The Healing Warmth of Moxibustion
For ancient doctors, the guiding principle was balance.
According to Dr. Tracy Stuardi, a licensed acupuncturist at the Doorway to Wellness clinic in Austin, Texas, moxa gives deep, penetrating heat to resolve underlying cold.
“The cold will settle in the uterus or the lower abdomen or the GI tract. Often time you can feel when you palpate areas where they’re cold where they shouldn’t be,” she said. “Moxa is an easy way to bring heat to the area.”
The name “moxa” is an anglicized version of the Japanese word “mogusa,” which means “burning herbs.” The practice involves burning medicinal cigars and cones on or near the body.
Moxa is said to have originated from northern China at least 3,000 years ago, and burned on acupuncture points long before the advent of needles. Today moxa is used to treat a wide range of issues, such as chronic digestive disturbance, menstrual problems, reproductive concerns, and advanced illnesses such as tuberculosis, Lyme disease, and cancer.
“It’s very powerful for pain,” said Stuardi. “Many patients we see come in with a lot of pain and sometimes the needles alone aren’t enough.”
Stuardi is unique in that many Western practitioners of Chinese medicine have shied away from moxa, preferring instead to focus attention on acupuncture.
“It’s a shame that more practitioners are not doing it,” she said. “I think a lot of people are intimidated. And it takes more time.”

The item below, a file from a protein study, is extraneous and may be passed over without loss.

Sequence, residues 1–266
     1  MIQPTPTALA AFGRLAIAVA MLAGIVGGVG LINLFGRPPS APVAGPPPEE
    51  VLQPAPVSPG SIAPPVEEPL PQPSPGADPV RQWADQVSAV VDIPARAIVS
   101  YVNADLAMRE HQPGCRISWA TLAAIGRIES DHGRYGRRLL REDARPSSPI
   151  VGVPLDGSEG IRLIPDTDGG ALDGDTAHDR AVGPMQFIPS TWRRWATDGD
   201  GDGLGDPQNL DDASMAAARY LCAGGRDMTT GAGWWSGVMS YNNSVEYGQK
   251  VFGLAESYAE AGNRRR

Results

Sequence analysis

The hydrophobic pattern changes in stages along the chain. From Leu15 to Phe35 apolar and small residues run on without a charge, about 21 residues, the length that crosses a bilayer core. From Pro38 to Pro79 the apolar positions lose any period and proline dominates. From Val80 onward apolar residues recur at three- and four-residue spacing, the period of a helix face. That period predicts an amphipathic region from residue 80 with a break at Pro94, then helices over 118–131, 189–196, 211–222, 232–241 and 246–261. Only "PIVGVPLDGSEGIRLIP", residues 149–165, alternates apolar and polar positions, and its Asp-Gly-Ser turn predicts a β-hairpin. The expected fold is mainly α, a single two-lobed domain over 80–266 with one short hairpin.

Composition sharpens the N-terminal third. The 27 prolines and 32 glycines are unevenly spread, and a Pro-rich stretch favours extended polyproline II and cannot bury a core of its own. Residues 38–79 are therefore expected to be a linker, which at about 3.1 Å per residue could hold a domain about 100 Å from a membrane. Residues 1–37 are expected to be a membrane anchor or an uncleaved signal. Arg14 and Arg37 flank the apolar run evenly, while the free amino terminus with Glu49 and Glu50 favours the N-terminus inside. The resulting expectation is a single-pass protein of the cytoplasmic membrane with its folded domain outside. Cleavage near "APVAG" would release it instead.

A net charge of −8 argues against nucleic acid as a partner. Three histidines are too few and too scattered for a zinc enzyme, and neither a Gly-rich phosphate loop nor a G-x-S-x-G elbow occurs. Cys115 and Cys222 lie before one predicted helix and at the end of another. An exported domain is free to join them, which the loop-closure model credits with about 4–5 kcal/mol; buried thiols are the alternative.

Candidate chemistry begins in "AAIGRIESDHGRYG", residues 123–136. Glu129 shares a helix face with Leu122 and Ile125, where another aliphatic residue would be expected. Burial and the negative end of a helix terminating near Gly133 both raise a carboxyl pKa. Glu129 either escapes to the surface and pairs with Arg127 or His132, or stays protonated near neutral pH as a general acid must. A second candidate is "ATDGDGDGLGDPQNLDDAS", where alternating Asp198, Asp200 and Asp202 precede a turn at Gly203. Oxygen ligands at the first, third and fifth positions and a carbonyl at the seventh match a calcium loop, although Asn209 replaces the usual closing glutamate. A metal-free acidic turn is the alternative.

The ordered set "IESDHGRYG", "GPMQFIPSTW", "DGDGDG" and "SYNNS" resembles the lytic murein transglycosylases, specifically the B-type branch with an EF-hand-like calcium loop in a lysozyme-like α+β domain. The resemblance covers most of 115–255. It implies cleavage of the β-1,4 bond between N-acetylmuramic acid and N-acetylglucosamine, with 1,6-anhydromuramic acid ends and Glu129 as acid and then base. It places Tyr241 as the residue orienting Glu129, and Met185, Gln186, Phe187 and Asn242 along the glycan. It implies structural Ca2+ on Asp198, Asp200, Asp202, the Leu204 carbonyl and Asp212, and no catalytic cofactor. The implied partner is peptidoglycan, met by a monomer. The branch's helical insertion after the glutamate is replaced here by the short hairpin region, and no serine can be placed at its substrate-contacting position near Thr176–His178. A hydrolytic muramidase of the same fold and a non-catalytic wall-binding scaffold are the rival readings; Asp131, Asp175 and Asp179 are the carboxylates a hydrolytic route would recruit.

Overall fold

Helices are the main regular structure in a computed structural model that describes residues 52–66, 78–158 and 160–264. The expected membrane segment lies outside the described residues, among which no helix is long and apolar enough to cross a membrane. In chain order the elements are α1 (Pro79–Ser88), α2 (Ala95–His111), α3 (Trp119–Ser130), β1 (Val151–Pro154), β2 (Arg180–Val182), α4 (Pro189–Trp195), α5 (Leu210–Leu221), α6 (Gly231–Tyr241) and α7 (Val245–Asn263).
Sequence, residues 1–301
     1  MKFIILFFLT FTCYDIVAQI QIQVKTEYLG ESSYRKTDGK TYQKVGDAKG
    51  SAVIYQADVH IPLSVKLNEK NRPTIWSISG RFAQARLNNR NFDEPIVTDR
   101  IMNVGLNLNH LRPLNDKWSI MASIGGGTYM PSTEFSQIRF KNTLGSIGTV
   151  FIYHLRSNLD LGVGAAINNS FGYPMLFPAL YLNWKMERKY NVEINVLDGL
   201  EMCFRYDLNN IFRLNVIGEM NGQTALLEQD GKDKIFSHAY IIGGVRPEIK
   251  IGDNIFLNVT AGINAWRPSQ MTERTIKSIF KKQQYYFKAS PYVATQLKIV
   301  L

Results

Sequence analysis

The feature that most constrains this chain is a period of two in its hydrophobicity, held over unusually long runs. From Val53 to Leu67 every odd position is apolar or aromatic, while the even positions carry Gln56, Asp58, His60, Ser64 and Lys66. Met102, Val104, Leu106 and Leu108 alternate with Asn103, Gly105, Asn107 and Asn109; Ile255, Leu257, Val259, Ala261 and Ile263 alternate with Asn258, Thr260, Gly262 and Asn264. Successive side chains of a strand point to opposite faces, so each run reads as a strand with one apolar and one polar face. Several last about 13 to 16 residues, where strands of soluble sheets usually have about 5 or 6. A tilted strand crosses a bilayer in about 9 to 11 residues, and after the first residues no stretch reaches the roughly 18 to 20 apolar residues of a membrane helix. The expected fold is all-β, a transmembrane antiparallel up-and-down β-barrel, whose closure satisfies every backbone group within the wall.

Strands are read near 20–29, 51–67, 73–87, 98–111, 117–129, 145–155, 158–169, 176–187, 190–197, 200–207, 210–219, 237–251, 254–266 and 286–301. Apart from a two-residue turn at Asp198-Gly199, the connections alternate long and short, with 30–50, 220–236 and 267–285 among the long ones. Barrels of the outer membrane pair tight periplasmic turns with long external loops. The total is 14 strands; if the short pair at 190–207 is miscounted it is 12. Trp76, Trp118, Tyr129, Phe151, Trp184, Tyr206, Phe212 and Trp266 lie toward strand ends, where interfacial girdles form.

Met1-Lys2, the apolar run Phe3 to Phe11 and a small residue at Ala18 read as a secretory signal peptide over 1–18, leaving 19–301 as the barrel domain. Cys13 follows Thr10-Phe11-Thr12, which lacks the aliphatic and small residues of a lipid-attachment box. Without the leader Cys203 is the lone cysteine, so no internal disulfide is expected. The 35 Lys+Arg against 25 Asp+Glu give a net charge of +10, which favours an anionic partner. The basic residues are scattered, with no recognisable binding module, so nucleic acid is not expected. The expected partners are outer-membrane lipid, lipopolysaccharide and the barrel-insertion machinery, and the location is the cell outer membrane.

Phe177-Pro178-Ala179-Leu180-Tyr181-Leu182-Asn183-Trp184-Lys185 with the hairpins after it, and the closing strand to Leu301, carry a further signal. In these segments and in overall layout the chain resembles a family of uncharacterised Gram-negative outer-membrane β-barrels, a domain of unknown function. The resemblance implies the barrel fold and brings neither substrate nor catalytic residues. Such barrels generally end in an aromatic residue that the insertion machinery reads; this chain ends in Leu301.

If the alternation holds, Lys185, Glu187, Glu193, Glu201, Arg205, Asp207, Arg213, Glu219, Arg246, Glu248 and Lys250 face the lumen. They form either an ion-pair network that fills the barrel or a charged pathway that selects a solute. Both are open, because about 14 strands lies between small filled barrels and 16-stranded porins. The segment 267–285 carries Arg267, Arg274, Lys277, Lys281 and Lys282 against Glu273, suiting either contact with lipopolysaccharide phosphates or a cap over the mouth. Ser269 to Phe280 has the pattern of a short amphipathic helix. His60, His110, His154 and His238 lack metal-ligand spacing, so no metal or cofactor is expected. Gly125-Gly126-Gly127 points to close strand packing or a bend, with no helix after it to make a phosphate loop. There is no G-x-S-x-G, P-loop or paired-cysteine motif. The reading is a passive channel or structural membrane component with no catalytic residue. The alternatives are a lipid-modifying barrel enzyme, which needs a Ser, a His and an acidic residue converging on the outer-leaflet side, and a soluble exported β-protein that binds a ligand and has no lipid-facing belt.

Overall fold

In China, Japan, and Korea, moxa plays a major role in treatment, but in the United States the technique has been slow to catch on. Moxa is taught in Chinese medicine schools, but many American acupuncturists abandon this modality once they graduate.
According to Stuardi, the biggest issue with moxa is the smell. Moxibustion treatment creates an aromatic smoke which many people mistake for marijuana.
“People are like, ‘oh, what is that smell? Is that okay? Is it supposed to smell like that?”‘ she said. “The bottom line is that it’s a very effective technique.”
Moxa has not been researched as much as acupuncture, but the available literature shows positive effects on the blood, immunity, and the regeneration of tissue. A 1998 study published in the Journal of the American Medical Association found that 75 percent of pregnant women had their breech fetuses turn to the normal position with moxa burned on an acupuncture point located on the pinky toe.